I'm getting a bit tired of over-the-top advice about strong passwords. Of course, we all need to keep our passwords secure. But a lot of what tech journals and websites write about the subject is exaggerated and alarmist - and often counter-productive.
Take this recent article in PC World magazine. Amongst some otherwise sensible advice, it urges us to
" … make sure [the password] contains at least ten characters, and includes a mix of uppercase and lowercase letters as well as numbers and symbols. A letters-only password, however, can still be secure as long as it's at least 20 characters long."
Let's first dispose of the arithmetic error in the above statement. Assuming there are 32 symbols on the keyboard, that means there will be 94 characters available for the password (52 upper- and lowercase letters, ten digits and 32 symbols). For a ten-character string, that would give 5.3 times ten to the power of 19 possible combinations. To get a similar number of combinations for a string of 26 (lowercase) letters, you would only need 14 characters, not 20.
OK, I admit that's a purely arithmetic issue - not one that affects the main argument. But consider this. A ten-character string containing letters, digits and symbols would take exactly the same effort to crack as one containing only lowercase letters - provided the would-be intruder didn't know that. Given that we're trying to defend against a brute-force attack, the bad guys would still need to try every combination of characters, even if you know that you're only using letters.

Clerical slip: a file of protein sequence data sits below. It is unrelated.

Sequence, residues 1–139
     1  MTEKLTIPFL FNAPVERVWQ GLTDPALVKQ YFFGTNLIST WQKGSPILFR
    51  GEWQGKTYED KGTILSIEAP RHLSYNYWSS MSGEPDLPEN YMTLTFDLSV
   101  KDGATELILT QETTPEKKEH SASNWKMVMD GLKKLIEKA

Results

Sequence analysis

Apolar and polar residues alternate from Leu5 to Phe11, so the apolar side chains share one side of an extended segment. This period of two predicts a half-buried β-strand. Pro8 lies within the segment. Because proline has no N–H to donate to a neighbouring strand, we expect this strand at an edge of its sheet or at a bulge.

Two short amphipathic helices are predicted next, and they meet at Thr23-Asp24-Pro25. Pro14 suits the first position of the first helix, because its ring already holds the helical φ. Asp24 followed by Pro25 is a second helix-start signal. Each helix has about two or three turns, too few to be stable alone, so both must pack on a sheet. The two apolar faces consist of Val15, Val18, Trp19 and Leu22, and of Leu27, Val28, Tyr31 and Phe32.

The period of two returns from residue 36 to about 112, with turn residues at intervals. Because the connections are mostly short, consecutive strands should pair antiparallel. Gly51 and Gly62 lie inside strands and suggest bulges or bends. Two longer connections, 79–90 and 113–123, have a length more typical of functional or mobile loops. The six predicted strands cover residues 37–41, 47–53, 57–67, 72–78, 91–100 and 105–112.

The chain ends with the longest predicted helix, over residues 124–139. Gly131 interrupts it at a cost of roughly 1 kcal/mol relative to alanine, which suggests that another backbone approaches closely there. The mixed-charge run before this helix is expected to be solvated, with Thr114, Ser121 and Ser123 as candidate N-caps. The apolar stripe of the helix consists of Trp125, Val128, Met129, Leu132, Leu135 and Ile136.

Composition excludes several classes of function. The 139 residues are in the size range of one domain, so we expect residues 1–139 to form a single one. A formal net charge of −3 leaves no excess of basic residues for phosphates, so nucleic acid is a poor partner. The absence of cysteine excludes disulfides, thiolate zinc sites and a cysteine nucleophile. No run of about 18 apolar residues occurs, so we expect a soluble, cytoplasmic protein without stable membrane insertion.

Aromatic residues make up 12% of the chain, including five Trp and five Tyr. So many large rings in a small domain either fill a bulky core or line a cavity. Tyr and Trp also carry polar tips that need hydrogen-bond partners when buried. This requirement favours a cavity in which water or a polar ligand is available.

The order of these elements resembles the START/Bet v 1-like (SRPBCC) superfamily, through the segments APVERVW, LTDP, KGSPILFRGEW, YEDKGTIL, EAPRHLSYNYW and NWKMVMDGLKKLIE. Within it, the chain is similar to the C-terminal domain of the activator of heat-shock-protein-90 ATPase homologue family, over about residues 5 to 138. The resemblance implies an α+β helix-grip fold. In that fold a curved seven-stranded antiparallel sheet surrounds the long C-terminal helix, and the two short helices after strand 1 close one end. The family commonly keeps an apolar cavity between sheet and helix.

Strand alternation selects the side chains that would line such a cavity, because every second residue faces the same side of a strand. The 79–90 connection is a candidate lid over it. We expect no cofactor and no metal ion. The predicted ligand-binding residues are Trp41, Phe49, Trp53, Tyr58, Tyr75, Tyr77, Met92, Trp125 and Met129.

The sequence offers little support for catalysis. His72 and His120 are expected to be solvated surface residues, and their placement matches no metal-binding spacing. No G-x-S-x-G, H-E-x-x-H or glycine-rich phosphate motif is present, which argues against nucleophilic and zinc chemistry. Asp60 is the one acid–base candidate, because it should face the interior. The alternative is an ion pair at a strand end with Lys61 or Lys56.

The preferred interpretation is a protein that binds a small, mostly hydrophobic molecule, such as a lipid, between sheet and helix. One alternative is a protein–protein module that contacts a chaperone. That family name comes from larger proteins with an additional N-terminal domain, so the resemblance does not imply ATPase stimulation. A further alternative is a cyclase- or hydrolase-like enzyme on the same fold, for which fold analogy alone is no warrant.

Over the top
But even that argument is not all that relevant. The main reason I think the advice is over the top is that no secure website or service would ever allow a brute-force attack in the first place. Just try entering an invalid password a few times into your bank's login screen. Chances are you'll be locked out after the third or fourth attempt. And you'll have to jump through several hoops before you'll be let back in.
The idea of an intruder trying billions of combinations in turn, with the bank patiently accepting every failed attempt - well, that's just ludicrous.
Of course we must be careful in choosing our passwords. But let's keep things in proportion. It's surely better to use a relatively straightforward (but non-obvious) word or phrase that you can easily remember, rather than an obscure combination of letters, digits and symbols - one that you will probably have to write down for fear of forgetting.